Captain America: The Winter Soldier

Yes yes I know I’m three years late to the party with this one. Missed it at the cinemas, was going to watch it on Netflix at my Mum’s for ages before it was taken off, so I finally rented it at my local DVD place. In a nutshell, I thought it was the strongest Marvel movie I’ve seen by a long margin and the first one I could say I loved since the first Iron Man. If you take out all the superheroing stuff, at the heart it’s a gripping political thriller/1970s-esque spy movie tackling themes of national security vs personal freedom, a debate which is rather timely in the world we live in now.

I haven’t seen the first Captain America movie, but The Winter Soldier helpfully summarises its events for the newbies like myself. Steve Rogers (Chris Evans) is busy adjusting to the life in the 21st century after spending most of the 20th century asleep, concentrating on workouts and special missions, but no dating just yet. Though he can’t see a life outside of S.H.I.E.L.D., he becomes increasingly uncomfortable with the amount of secrecy and lies going on in the organization, despite the assurances of boss Nick Fury (Samuel L. Jackson) that such compartmentalization is for the best. However, when Fury himself is locked out of some top-secret files just before the launch of a new defense project that would give S.H.I.E.L.D. the ability to wipe out potential threats with a push of a button, it becomes clear that something rotten is going on. Who is up to the task of cleaning out the poison?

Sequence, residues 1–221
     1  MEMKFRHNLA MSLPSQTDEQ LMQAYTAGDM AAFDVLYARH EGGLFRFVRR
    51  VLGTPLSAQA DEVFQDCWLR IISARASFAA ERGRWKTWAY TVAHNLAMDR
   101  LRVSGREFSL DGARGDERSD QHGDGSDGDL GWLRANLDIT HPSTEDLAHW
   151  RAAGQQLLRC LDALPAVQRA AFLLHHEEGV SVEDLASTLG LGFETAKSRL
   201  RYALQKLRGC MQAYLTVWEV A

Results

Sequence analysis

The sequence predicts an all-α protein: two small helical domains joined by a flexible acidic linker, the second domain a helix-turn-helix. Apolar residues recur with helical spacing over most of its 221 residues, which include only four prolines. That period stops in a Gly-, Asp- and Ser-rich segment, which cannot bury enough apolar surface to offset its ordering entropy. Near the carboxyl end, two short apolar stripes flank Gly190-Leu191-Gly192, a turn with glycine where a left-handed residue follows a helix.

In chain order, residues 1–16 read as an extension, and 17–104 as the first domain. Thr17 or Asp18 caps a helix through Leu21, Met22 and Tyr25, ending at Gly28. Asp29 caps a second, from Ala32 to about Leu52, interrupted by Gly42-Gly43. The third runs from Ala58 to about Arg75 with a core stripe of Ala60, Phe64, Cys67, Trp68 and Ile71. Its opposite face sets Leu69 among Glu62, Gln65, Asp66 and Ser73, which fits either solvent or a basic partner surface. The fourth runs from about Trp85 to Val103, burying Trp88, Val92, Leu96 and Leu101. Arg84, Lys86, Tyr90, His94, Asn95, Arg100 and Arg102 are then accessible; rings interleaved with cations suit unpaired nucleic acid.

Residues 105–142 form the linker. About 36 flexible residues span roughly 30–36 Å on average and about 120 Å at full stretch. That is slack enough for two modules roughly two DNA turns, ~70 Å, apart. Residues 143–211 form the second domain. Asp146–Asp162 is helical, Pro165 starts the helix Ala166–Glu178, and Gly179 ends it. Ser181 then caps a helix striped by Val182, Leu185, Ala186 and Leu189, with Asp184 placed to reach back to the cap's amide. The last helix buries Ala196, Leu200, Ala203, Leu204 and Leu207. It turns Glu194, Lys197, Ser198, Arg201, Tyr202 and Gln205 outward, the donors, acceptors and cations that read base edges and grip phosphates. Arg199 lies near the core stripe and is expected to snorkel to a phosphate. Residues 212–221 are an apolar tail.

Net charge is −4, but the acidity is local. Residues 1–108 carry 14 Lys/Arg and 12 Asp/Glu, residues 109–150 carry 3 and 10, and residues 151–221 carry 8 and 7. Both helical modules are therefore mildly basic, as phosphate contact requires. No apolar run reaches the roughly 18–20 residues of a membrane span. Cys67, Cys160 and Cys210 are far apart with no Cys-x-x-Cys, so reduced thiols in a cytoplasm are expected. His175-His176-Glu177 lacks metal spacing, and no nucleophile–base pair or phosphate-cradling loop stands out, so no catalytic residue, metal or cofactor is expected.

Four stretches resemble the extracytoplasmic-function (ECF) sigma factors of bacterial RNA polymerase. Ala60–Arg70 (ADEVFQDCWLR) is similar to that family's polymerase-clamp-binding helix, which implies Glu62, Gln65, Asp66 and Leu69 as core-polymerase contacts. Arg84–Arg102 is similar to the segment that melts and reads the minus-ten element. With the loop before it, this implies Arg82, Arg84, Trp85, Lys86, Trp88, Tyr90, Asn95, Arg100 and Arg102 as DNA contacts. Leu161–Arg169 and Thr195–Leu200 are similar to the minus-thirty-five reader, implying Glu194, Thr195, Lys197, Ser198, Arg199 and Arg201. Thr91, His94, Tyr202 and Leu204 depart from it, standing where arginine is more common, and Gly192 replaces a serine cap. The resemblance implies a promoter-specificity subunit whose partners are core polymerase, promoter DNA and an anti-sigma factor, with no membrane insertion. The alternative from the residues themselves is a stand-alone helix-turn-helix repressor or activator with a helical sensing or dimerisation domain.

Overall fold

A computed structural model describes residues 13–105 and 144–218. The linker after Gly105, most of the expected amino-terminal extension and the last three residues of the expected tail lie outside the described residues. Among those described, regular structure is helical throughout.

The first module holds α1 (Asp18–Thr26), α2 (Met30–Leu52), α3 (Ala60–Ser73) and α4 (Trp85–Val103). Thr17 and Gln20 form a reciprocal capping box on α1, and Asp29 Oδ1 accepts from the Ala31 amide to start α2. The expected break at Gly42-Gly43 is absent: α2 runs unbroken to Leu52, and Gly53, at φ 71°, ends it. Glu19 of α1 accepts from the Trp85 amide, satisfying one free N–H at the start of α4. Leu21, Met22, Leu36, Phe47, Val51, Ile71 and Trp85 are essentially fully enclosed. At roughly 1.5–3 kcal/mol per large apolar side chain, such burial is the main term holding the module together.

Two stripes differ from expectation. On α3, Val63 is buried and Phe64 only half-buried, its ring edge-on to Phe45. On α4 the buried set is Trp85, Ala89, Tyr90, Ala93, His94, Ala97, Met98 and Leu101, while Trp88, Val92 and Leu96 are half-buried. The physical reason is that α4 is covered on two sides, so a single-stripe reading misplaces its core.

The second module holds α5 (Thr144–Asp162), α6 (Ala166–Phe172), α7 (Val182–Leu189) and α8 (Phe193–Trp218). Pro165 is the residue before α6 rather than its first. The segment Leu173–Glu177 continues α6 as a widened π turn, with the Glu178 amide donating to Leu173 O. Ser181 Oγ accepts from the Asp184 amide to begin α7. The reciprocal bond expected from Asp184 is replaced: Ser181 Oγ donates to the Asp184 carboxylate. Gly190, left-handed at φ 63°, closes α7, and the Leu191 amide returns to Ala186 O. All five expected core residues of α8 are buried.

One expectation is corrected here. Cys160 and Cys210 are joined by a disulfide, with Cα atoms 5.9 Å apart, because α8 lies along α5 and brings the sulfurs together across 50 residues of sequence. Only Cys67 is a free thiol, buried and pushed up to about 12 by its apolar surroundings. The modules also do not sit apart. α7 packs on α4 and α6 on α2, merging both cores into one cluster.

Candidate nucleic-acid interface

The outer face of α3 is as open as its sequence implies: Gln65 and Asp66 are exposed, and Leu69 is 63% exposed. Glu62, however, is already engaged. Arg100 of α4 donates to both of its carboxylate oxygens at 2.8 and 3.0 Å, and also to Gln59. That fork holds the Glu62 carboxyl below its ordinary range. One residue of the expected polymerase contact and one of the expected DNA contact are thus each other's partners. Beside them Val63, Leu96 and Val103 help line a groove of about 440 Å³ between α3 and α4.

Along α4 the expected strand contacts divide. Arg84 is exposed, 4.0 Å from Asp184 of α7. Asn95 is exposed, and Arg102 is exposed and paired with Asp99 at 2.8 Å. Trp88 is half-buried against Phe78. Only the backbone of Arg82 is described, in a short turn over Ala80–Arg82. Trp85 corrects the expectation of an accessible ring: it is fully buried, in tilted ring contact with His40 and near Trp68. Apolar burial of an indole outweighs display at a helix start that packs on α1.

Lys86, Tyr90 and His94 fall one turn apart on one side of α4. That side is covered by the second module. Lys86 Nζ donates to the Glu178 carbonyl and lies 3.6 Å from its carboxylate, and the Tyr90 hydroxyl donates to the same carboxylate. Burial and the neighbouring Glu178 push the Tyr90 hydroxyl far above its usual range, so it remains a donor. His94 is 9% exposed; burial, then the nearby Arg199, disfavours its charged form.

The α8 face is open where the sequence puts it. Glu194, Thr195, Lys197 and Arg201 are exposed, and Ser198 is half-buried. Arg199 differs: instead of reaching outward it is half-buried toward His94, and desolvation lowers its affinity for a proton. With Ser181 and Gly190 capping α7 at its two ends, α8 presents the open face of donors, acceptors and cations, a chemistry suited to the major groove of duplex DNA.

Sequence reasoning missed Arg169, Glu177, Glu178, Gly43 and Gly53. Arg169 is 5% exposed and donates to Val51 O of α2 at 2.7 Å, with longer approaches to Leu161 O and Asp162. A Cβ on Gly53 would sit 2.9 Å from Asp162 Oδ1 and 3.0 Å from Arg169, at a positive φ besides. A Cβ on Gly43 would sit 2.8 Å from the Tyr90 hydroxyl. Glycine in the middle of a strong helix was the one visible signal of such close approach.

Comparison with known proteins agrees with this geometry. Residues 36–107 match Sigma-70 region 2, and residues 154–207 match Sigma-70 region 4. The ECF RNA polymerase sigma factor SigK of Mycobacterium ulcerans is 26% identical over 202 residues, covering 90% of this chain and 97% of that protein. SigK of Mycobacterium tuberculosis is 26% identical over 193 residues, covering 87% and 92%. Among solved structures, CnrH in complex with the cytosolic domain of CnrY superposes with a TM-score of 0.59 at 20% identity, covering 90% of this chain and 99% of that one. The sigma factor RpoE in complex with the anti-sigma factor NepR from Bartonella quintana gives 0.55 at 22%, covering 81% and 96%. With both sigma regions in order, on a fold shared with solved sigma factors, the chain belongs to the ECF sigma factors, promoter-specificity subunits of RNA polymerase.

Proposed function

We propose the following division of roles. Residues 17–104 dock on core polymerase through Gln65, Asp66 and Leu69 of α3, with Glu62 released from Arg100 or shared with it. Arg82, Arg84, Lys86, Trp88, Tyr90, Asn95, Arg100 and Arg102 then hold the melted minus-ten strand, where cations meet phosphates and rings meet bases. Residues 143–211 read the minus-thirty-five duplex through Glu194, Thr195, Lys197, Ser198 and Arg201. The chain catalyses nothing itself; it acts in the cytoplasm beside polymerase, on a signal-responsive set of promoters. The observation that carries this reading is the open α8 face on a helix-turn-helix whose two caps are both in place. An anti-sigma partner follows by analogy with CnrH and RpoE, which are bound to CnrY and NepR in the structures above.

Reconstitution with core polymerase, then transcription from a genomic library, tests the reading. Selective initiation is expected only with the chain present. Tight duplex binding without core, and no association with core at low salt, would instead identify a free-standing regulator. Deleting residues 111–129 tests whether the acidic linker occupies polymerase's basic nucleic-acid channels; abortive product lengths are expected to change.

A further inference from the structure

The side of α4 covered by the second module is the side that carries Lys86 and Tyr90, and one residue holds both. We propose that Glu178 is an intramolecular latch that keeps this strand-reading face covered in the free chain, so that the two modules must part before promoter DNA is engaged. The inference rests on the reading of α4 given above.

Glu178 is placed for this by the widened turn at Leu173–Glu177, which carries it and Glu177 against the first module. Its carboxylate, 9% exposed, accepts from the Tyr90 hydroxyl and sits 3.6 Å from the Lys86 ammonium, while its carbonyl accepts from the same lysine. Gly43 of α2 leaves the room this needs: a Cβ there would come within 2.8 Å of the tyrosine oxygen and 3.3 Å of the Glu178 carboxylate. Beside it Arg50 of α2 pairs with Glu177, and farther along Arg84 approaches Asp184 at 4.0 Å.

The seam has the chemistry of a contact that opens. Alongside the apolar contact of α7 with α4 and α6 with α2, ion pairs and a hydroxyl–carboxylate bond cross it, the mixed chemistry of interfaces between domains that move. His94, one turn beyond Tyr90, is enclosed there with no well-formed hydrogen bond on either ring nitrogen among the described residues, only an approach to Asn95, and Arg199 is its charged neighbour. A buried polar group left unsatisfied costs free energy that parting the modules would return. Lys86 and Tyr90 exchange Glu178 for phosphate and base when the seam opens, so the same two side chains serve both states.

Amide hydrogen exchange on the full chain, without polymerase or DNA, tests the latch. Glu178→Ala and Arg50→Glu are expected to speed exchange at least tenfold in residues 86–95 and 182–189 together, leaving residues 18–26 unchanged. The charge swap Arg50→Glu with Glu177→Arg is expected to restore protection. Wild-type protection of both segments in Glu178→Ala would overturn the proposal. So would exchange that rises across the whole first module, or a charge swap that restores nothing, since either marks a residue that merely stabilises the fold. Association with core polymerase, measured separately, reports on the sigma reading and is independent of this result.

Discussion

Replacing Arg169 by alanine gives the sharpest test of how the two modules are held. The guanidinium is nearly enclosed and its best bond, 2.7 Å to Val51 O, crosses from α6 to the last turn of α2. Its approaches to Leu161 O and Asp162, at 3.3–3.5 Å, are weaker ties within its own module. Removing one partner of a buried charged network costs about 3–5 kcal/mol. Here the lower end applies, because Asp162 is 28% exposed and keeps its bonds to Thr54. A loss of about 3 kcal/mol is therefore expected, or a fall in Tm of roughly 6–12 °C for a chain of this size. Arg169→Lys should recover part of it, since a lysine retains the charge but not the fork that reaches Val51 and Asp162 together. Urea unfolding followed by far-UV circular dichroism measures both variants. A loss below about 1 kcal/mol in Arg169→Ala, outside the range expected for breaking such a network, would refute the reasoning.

The movie does lean heavily on the usual spy movie tropes, such as the hero on the run from his own organization, but there are also surprises, brutal and grounded fight choreography, terrific action sequences full of nifty little details, and some compelling emotional drama too (I won’t spoil what it is but suffice to say it’s of the variety that’s pretty much guaranteed to move me). Even when it gets to the obligatory big-scale Marvel third act where things go kaboom, it never feels like it’s something the filmmakers shoved in just because every superhero movie needs a big action-driven finale.

Captain himself is an interesting aberration in today’s comic book movies where heroes are supposed to be flawed or anti-heroic and even Superman can’t just be an earnest corny Superman any more. But his staunch old-fashioned decency is what makes Captain America so endearing, plus the perfect casting of Evans who practically radiates all-American wholesomeness (and is nice to look at, I won’t lie). It helps that he gets to have lively interactions with the supporting characters like Black Widow (Scarlett Johansson) and Falcon (Anthony Mackie), who make the most out of their screen time. The addition of Robert Redford to the cast as the shady figurehead Alexander Pierce lends the movie a seriously classy touch and he underplays the role nicely.

The only thing that truly sucks in this movie is the Winter Soldier’s Russian, which is pretty bad but oh well I’m used to my native language getting mangled by non-Russian speakers. The Marvel quipping is not done to the obnoxious degree, thank god, though I could have done without a couple of one-liners. There was also one gratuitous lingering shot of Black Widow’s derriere that made me roll my eyes. But really, this movie is awesome. If only all Marvel films were as good.

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